I have the feeling that everybody is trying to hurry me up. I am doing my best, but these are meaty new clauses. I am sure that Hansard will show that I have not had more than my fair share of time. The new clauses that I am leading on are really important to me and to all our looked-after children, and I do not want to rush through them at the cost of not making a point. I am looking for a number of assurances on how the arrangements will work. Given the intensity of the problems regarding the health of looked-after children, a duty in the Bill is called for.
I will not list for the hon. Lady the various current regulations, because I want to focus on the steps we are taking, which I think will achieve what she wants to achieve in a different but equally effective way. She will be aware of the duty to co-operate in sections 10 and 11 of the Children Act 2004, which applies to a range of health bodies and other agencies. The guidance that flowed from that and the power to issue statutory guidance were not implemented in relation to primary care trusts and health bodies. Guidance was issued to health bodies but it was not statutory—that power was not switched on.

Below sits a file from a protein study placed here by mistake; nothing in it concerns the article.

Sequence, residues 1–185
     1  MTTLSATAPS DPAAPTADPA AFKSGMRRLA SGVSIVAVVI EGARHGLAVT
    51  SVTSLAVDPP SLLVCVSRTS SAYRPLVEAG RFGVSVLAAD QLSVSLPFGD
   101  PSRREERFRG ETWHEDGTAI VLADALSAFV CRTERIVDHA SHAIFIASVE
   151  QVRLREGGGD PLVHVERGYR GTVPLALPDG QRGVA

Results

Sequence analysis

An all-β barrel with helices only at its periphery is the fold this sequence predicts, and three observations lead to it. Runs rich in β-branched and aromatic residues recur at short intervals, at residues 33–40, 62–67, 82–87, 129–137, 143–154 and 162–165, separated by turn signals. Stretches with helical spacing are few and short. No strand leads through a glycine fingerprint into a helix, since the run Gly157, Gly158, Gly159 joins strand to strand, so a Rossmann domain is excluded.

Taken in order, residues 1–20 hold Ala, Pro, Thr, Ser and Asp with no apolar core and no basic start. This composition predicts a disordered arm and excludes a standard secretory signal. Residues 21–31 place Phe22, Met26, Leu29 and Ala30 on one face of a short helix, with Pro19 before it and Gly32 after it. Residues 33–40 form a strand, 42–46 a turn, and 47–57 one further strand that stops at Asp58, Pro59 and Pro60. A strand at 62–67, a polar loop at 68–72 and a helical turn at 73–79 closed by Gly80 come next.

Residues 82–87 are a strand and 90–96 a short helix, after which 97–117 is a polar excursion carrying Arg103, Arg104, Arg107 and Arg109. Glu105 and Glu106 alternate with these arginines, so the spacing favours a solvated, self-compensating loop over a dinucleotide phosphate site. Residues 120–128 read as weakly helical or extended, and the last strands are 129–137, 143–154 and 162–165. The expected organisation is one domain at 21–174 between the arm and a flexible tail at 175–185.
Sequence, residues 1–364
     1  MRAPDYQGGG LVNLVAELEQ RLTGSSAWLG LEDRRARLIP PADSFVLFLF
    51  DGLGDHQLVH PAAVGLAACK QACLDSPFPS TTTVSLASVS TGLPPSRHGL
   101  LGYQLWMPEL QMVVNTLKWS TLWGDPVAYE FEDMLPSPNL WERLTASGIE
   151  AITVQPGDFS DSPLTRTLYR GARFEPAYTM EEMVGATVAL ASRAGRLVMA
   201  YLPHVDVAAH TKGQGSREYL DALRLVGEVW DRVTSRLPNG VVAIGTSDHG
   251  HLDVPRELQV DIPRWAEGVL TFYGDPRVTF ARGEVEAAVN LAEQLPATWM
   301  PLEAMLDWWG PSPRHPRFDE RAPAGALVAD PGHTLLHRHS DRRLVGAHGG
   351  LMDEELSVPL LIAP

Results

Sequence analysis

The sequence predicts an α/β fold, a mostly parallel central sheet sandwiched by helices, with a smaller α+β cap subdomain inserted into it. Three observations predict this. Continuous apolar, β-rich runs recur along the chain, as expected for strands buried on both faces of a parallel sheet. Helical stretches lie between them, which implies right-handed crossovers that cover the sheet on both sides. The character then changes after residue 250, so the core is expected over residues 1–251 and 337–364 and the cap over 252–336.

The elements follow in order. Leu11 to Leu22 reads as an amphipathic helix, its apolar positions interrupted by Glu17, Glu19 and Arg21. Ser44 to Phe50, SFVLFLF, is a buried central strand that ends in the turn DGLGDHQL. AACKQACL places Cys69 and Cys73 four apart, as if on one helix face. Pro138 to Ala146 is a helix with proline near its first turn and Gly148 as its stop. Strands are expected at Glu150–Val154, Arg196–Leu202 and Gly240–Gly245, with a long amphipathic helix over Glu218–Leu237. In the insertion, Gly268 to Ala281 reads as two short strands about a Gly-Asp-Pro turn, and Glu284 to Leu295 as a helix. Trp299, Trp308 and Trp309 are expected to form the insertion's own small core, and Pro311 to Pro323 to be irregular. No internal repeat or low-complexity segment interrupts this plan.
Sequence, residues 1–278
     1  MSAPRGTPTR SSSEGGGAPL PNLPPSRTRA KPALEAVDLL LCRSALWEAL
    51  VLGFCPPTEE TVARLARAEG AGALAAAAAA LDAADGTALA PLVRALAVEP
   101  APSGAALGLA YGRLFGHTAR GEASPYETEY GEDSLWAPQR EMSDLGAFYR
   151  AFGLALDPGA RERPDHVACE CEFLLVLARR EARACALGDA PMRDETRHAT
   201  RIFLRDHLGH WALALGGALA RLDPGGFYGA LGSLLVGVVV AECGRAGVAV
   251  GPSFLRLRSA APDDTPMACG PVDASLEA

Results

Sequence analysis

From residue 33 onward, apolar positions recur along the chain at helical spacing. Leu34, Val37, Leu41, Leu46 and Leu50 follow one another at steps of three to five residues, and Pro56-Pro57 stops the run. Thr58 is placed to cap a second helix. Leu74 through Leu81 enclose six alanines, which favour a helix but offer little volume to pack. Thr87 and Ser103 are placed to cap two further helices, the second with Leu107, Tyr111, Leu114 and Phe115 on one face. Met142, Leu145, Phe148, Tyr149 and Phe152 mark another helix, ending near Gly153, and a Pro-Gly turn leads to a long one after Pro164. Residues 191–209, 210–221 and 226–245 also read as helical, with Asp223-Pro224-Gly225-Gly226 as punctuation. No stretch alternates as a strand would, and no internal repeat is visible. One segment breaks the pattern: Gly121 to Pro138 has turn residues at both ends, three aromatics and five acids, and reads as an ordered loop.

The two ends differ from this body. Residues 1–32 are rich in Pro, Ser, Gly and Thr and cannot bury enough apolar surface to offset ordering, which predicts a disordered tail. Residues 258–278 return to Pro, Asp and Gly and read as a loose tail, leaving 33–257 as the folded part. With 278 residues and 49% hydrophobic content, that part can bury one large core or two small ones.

I give the hon. Lady an assurance that we intend to issue new statutory guidance in relation to the powers in sections 10 and 11. The revised guidance will be statutory for primary care trusts, strategic health authorities, NHS foundation trusts and local authorities. It will cover assessments of the physical, emotional and mental health of looked-after children, health plans, the involvement of qualified medical practitioners in assessments and reviews, the time scales for completion of assessments and reviews, health promotion, the provision of child and adolescent mental health services for looked-after children—which the hon. Lady rightly says is important—and the roles and responsibilities of health bodies and local authorities in improving the health of looked-after children. For the first time, the guidance will have the statutory bite that has applied to other agencies under sections 10 and 11 of the 2004 Act.